Now … maybe it will rain for the next 40 days and 40 nights in SoCal and fix the problem … living in Seattle I believe it can rain that much … ;-)

  38. 38
    what goes up must come down says:

    why do some of the responses on this thread not surprise me — Seattle great — every other place has problems…. it surprises me that people actually live somewhere besides Seattle

  39. 39
    Bits_of_Real_Panther says:

    I’ve spent many years in both places, it’s a fair point that there is a big difference in quality of living conditions between a median house in San Diego and a median house in Seattle. There are only a handful of nice neighborhoods in the SD area, mostly west of I5 as has been mentioned. As for wages, living in SD carries a “Sun Tax” as they say down there so I’d be surprised if Seattleites don’t make about the same $$ for the same work and you don’t have the state income tax in WA. On the other hand if constant sunshine is important to you and you can stomach the social scene in Socal, SD is a great option, and they have to be a lot closer to pricing stability.

  40. 40
    Kary L. Krismer says:

    By deejayoh @ 34:

    By b @ 33:

    KLK – I believe its 1.2% of purchase price.

    yes, 1.2% of the original purchase price with a maximum increase of the basis of 2% a year.

    property taxes are much lower in California than they are in washington… Prop 13.

    Thanks, although I wouldn’t call that much lower for new owners. Washington is actually limited to 1% for everyone, but then you add on local levies and such and it will push it higher. Does CA have the local stuff on top too?

    What brought this topic up was someone recently told me about real estate taxes in TX, claiming they were very high. And I know I’ve seen people from other states reference obscene real property tax amounts. Considering WA doesn’t have an income tax, our real estate taxes are relatively low.

  41. 41

    We moved up here from NorCal because Concord (east of Berkeley) was too damn hot and dry for us. We loooove having *all-natural water* in abundance up here. Desalination? Solar cells? Mmmmaybe… and you know how expensive that water would be? Or how fragile the water infrastructure would be when the big one hits? No thanks!

  42. 42
    Kary L. Krismer says:

    On the topic of water, Phoenix always amazes me. Virtually no rain, a population that is huge in comparison to Seattle, and a ton of grass in a lot of places.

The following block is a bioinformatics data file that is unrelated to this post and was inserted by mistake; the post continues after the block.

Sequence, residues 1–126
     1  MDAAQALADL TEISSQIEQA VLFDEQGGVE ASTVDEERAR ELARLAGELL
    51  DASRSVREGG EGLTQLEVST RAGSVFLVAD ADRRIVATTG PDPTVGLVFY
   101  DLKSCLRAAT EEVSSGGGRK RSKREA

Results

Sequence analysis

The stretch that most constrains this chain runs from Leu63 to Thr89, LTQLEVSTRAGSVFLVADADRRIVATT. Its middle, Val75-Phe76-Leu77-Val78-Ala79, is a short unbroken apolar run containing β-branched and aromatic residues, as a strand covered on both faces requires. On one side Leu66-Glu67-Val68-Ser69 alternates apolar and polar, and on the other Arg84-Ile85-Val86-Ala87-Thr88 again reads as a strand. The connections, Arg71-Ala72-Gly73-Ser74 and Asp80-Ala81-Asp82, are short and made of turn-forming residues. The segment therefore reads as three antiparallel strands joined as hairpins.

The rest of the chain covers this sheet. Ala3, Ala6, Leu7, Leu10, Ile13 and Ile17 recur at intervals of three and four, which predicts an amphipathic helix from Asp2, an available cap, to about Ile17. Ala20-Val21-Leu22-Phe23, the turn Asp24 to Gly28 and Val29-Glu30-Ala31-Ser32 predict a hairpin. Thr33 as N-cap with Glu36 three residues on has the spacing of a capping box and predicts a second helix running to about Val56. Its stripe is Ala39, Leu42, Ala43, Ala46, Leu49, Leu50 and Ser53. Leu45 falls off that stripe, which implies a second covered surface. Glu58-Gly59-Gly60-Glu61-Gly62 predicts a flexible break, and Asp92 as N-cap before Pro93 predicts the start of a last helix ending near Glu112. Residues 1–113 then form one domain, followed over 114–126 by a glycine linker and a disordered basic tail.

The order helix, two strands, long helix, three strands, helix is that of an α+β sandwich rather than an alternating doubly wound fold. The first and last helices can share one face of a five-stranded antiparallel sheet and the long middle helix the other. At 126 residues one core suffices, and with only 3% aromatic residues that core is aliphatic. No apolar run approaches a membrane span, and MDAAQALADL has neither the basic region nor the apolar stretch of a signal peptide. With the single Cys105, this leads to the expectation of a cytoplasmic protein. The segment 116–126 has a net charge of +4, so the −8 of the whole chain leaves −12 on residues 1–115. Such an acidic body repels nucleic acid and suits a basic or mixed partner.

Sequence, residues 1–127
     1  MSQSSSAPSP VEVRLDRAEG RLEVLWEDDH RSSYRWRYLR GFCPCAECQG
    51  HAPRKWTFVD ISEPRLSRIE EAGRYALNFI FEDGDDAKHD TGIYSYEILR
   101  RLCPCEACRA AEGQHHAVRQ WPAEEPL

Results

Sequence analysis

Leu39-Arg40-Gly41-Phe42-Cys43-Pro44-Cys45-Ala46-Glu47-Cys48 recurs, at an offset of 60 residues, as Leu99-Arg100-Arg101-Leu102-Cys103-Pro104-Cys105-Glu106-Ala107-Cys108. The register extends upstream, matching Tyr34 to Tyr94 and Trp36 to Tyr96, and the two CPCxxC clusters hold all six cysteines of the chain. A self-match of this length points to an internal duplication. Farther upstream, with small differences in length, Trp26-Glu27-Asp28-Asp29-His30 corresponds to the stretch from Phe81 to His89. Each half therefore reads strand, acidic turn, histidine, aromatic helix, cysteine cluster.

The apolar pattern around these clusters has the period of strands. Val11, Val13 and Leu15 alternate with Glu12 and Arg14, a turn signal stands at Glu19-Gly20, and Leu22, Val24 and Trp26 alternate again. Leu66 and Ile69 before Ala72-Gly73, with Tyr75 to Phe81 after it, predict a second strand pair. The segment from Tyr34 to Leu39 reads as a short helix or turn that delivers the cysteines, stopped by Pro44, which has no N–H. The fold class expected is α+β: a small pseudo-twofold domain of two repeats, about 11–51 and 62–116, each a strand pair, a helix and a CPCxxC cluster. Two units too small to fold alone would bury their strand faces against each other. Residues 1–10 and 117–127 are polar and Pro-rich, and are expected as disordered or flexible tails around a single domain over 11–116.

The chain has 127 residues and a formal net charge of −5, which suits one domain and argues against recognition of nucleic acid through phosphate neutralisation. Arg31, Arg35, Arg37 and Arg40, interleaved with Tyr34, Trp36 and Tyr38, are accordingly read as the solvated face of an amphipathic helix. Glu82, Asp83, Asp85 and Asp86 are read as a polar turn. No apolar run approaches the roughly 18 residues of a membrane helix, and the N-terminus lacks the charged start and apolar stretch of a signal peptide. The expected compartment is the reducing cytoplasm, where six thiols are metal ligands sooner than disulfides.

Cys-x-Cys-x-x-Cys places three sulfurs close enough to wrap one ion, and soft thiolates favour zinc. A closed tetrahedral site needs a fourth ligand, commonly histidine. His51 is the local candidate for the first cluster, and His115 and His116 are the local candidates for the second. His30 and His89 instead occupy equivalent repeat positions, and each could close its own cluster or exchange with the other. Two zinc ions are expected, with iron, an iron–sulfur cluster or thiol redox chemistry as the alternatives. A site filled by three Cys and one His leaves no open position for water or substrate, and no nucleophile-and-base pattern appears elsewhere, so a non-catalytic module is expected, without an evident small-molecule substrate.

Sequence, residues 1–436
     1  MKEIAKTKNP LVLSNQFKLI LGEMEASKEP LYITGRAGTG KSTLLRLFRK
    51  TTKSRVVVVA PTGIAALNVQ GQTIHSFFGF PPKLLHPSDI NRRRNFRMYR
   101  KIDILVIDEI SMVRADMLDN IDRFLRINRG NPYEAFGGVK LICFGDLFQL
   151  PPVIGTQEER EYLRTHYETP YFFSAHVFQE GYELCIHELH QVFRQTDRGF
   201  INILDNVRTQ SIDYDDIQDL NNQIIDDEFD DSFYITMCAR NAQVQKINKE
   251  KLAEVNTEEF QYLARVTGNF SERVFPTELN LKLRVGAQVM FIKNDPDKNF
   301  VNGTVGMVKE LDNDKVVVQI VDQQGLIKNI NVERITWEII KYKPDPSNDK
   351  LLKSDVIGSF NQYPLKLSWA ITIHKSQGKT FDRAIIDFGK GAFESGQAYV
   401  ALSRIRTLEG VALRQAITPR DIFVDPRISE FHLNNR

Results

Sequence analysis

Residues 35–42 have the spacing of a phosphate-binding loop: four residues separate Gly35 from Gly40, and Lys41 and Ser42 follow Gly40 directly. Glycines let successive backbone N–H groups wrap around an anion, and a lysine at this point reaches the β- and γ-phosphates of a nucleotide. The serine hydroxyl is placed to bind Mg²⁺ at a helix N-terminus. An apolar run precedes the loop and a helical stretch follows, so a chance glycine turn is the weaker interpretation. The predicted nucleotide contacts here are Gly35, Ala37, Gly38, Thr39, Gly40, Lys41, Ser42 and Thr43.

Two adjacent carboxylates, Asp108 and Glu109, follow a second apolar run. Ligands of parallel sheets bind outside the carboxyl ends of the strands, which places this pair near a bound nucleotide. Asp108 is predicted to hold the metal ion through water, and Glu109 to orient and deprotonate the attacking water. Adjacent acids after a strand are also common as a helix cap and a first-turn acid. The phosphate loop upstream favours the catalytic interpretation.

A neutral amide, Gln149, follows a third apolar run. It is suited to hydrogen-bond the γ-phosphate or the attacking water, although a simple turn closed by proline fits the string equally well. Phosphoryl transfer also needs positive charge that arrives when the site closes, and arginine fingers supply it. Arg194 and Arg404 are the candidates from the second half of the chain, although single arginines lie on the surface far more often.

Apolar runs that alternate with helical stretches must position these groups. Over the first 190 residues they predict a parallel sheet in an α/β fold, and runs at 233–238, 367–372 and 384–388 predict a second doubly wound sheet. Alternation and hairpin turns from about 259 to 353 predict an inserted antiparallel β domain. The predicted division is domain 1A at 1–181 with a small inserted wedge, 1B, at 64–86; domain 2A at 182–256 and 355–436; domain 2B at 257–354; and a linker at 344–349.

43. 43
    Civil Servant says:

    In the Snapshots Of Economies Past department, years ago I knew a guy who was getting a degree in life coaching, and he wanted to specialize in helping people improve the mental side of their golf games. Yes, for real on all counts. He was planning to move to Phoenix because of all the golf courses down there and all the hobbyist golfers with lots of money to spend on a life coach.

  44. 44

    RE: Civil Servant @ 43

    Makes perfect sense; you hire one coach to help with your golf technique, and another “life coach” to help you analyze why you stink at golf and to work through your feelings so you can feel good about hitting a little ball with a stick.

  45. 45
    patient says:

    RE: Rob Jellinghaus @ 41 – There are also wave and wind options, SD has it all in abundance and the gov. is all for it. And costly? Compared to what? If you enable business and poulation growth by supplying ample water the growth could possibly offset the more expensive water with additional state revenues and the state could sponsor the renewable energy plants and the desalination plants. Think positive, this is not an unsolvable problem.

    Then again with greedy bankers and real estate speculators having bankrupt both the state and the gov…

  46. 46
    Walt says:

    RE: Kary L. Krismer @ 40
    Real estate taxes in TX are outrageously high (also no income tax) mostly with local taxes making a huge part of it. I end up paying in the middle of Austin around 4% a year of the appraised value on taxes… on a small condo that makes the taxes nearly equal the mortgage…

    Also… I’d like to see a comparison with San Francisco county… essentially King county should be significantly cheaper than SF county… (given the density [not alot new being built in SF], appeal [ at least just as many “water” views], and San Francisco still has a banking community (bye bye WAMU) both have ports, tech, and biotech….

  47. 47
    Esol Esek says:

    SD near the water is great, maybe for a few weeks a year, but where is the work? Plus, enjoy the crime of Socal and all the gangbangers running around acting like they own the place with that brutish catholico borg mindset…as far as high end property, look at Santa Barbara burning down, so much for that high-end. At this rate, there sure is an argument to be made for a cheap home/base of operations, and resort living here and there. You can visit SD just like Hawaii, Utah, Phoenix during spring training, or Tahitit for that matter…why bother owning?

  48. 48
    Sep says:

    While your RE taxes in CA are based on purchase price you do have the ability to appeal for a reduction in your taxes if the market falls below what you paid. It is a simple form that you are asked to provide your estimation of the worth of your home as of January 1 plus three supporting comps. In my experience as long as you give a reasonable number it’s likely to be granted as the assessor is so overwhelmed with appeals right now.

    Not that this is scientific at all but it’s my opinion that RE taxes are higher in WA than in CA when you are making the comparison between people who purchased property in a specific time frame. I’m not a fan of Prop 13 because of how it leaves schools underfunded but having your property taxes unable to increase by more than 2% a year does make it easier to budget.